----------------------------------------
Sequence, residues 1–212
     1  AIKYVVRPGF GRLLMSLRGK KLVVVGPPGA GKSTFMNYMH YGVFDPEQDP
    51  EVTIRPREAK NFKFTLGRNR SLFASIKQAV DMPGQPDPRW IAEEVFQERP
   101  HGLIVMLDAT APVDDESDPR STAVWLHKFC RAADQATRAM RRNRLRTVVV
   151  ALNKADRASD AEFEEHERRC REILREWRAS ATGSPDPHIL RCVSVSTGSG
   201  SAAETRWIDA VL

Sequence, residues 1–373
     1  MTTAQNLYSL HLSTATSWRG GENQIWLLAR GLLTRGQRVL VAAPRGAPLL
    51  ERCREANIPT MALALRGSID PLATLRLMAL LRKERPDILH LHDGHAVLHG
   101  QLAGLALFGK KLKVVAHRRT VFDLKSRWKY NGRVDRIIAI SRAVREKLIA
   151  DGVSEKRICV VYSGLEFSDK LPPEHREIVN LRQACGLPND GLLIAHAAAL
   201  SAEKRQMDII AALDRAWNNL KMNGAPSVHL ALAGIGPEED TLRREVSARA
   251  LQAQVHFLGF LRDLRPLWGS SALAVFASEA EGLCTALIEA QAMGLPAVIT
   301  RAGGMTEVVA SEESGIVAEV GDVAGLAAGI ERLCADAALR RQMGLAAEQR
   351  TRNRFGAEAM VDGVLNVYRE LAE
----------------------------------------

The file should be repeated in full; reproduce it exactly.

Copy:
Sequence, residues 1–212
     1  AIKYVVRPGF GRLLMSLRGK KLVVVGPPGA GKSTFMNYMH YGVFDPEQDP
    51  EVTIRPREAK NFKFTLGRNR SLFASIKQAV DMPGQPDPRW IAEEVFQERP
   101  HGLIVMLDAT APVDDESDPR STAVWLHKFC RAADQATRAM RRNRLRTVVV
   151  ALNKADRASD AEFEEHERRC REILREWRAS ATGSPDPHIL RCVSVSTGSG
   201  SAAETRWIDA VL

Sequence, residues 1–373
     1  MTTAQNLYSL HLSTATSWRG GENQIWLLAR GLLTRGQRVL VAAPRGAPLL
    51  ERCREANIPT MALALRGSID PLATLRLMAL LRKERPDILH LHDGHAVLHG
   101  QLAGLALFGK KLKVVAHRRT VFDLKSRWKY NGRVDRIIAI SRAVREKLIA
   151  DGVSEKRICV VYSGLEFSDK LPPEHREIVN LRQACGLPND GLLIAHAAAL
   201  SAEKRQMDII AALDRAWNNL KMNGAPSVHL ALAGIGPEED TLRREVSARA
   251  LQAQVHFLGF LRDLRPLWGS SALAVFASEA EGLCTALIEA QAMGLPAVIT
   301  RAGGMTEVVA SEESGIVAEV GDVAGLAAGI ERLCADAALR RQMGLAAEQR
   351  TRNRFGAEAM VDGVLNVYRE LAE